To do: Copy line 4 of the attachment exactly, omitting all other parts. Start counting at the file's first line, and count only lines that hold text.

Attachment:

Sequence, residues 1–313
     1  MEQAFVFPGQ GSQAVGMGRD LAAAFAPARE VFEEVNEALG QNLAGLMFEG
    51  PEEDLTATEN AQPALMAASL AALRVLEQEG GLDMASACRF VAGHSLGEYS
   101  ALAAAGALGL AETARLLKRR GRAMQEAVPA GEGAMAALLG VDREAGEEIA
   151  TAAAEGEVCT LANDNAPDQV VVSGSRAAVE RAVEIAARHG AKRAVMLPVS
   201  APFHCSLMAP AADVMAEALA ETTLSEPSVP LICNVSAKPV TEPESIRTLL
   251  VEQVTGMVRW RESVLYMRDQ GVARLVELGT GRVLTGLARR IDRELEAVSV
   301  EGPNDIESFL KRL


   101  ALAAAGALGL AETARLLKRR GRAMQEAVPA GEGAMAALLG VDREAGEEIA